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Blog Birding #361

They may be beady-eyed killing machines, but Mia McPherson of On the Wing Photography manages to catch Loggerhead Shrikes in a more tender moment.

The Loggerhead Shrike did fly in and brought prey to feed the presumed female, during the mating season the males will allofeed the females as part of their courtship behavior. I’ve never been able to photograph allofeeding behavior before so I was tickled pink. Sure, I could wish I could see both eyes of the shrikes, I could wish that I had a catch light in the bird’s eye that we can see but the images I got delighted me even though I didn’t.

Trip narratives involving rarities are always a fun read, and Corey Finger of 10,000 Birds shares his tale of the New York Wood Sandpiper.

A couple of weeks ago a group of New York’s better birders were out birding in Suffolk County when one of the four found an interesting shorebird, one which she couldn’t identify immediately. For Pat Lindsay to not know what a shorebird is when she spots one in New York State is a very unusual occurrence and her three fellow birders quickly convened, figured out the bird as a quartet, and got the word out to the birding hordes. The bird, a Wood Sandpiper, was still present the next morning and I made a quick run out to Timber Point Country Club where the bird was regularly foraging in a flooded field, to see if I too could get lucky enough to add New York’s second-ever Wood Sandpiper to my state list.

At The AOU-COS Pubs Blog, a summary of research finding ways to improve habitat for migrating Whooping Cranes, one of North America’s most evocative and endangered species.

Researcher Neal Niemuth and his colleagues used a database of Whooping Crane sightings in the region since 1990 to examine cranes’ habitat use in North and South Dakota. Analyzing the spatial patterns of the sightings, they found that Whooping Cranes prefer habitat that includes a mix of croplands and wetlands and are more attracted by a single large wetland basin than multiple smaller basins. Their results also show the effects of different conservation strategies across the region.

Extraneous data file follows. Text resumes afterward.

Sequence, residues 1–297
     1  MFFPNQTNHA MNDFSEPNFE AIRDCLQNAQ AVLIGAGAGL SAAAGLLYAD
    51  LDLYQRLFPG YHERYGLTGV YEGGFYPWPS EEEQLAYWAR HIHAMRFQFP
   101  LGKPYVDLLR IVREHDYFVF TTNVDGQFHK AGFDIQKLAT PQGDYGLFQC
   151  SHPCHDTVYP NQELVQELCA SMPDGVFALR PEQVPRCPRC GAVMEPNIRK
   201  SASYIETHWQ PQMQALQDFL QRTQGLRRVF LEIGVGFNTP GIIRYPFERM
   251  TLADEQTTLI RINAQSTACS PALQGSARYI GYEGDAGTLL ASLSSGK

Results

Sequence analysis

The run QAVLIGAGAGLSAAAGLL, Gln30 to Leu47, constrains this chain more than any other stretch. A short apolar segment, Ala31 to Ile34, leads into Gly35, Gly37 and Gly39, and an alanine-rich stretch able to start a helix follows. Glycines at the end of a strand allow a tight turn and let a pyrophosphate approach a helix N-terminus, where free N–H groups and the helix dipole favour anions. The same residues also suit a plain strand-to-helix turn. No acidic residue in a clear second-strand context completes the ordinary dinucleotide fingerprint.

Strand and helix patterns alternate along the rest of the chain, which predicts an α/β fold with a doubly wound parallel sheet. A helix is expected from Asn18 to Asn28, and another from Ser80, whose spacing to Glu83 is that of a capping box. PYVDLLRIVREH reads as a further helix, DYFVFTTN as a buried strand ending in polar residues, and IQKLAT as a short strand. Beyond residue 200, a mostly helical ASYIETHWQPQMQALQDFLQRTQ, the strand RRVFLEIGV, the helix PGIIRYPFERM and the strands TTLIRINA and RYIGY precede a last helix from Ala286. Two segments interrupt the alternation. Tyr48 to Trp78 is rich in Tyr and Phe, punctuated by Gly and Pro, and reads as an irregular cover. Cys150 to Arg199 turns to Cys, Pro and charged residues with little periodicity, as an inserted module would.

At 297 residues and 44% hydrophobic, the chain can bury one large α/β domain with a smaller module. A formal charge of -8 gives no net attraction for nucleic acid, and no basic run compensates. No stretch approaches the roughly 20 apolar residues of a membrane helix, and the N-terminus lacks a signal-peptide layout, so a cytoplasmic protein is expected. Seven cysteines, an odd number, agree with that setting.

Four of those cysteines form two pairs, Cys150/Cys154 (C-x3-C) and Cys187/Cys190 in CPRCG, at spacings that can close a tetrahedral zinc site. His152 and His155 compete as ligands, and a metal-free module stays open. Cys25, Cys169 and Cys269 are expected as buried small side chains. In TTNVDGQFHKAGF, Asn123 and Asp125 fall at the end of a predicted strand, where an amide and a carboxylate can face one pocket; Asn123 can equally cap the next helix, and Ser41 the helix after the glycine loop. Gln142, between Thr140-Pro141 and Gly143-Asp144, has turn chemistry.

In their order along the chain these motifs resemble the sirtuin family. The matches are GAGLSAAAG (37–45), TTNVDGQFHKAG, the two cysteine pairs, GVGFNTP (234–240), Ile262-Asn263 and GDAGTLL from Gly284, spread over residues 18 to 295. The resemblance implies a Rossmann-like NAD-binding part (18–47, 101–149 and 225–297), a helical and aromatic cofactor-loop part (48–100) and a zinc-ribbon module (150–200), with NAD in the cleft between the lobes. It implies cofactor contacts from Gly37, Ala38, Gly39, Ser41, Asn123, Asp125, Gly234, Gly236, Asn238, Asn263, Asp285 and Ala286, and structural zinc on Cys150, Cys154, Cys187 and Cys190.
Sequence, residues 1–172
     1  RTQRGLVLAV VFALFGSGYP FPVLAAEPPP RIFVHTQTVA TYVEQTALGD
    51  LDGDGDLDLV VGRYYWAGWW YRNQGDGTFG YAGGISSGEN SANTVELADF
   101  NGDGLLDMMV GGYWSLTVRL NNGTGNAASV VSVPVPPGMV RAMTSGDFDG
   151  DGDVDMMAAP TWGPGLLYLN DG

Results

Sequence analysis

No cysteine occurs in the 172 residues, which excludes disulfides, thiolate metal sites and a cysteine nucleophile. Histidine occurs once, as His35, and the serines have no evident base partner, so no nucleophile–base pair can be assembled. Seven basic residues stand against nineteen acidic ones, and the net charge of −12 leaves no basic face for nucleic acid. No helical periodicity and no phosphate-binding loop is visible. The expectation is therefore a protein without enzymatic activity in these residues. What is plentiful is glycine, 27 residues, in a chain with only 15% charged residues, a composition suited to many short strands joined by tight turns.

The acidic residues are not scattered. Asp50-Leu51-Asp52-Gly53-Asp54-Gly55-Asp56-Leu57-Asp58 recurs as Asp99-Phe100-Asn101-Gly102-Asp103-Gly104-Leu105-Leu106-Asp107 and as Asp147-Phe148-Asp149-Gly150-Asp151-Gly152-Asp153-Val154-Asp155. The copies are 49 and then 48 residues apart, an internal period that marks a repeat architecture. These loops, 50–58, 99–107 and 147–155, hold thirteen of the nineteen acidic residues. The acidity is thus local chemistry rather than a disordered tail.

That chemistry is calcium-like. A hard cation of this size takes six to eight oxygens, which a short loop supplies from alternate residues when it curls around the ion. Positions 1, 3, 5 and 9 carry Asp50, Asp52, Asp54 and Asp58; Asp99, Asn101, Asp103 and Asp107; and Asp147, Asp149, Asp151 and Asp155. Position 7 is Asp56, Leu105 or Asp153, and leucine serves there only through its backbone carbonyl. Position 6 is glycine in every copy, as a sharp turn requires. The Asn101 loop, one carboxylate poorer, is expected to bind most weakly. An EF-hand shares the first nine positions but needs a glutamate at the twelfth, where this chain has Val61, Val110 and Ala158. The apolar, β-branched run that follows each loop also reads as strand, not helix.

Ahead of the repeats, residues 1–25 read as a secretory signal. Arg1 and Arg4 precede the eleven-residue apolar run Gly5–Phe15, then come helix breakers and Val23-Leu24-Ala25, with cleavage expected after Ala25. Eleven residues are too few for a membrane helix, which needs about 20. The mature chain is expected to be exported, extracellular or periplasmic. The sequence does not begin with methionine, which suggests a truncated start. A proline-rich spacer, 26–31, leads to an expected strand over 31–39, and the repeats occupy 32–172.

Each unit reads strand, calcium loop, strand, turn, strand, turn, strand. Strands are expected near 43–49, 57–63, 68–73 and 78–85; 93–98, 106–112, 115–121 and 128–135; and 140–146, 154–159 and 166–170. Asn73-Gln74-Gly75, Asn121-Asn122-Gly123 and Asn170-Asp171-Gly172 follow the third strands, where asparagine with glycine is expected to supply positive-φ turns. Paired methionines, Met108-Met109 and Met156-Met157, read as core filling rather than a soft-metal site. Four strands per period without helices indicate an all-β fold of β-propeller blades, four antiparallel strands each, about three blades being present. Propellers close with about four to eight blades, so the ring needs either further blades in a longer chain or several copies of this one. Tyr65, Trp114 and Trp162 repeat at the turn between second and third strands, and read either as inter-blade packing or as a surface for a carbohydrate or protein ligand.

Bird-trafficking isn’t just the problem in the rest of the world, BirdWatching Daily reports on a group of Florida men recently caught with charged with smuggling more than 400 birds.

Over the years, we’ve reported on all sorts of threats to birds, and while they’re all quite real, stories about habitat loss, climate change, feral cats, windows, and the like almost always look at the problem from high overhead. Which species are affected, where is the threat located, how can it be fixed, etc.…? The instigators of the threat in question are rarely specific people, and so we refer to them in general terms: this or that industry, irresponsible pet owners, etc.

This week looks to be an exceptional one for migration, according to the scientists at Birdcast. Get all the details ahead of your spring birding.

This weekend will feature some intense migration in the central US, the first of several intense pulses as we approach the peak period of migration intensity for the spring. Particularly striking is the forecast for Sunday evening, 29-30 April 2018, when a corridor of medium to high migration traffic is predicted aloft from Mexico to Canada.

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Nate Swick

Nate Swick

Editor, Social Media Manager at American Birding Association
Nate Swick is the editor of the American Birding Association Blog, social media manager for the ABA, and the host of the American Birding Podcast. He lives in Greensboro, North Carolina, with his wife, Danielle, and two young children. He is the author of Birding for the Curious and The ABA Field Guide to Birds of the Carolinas.
Nate Swick

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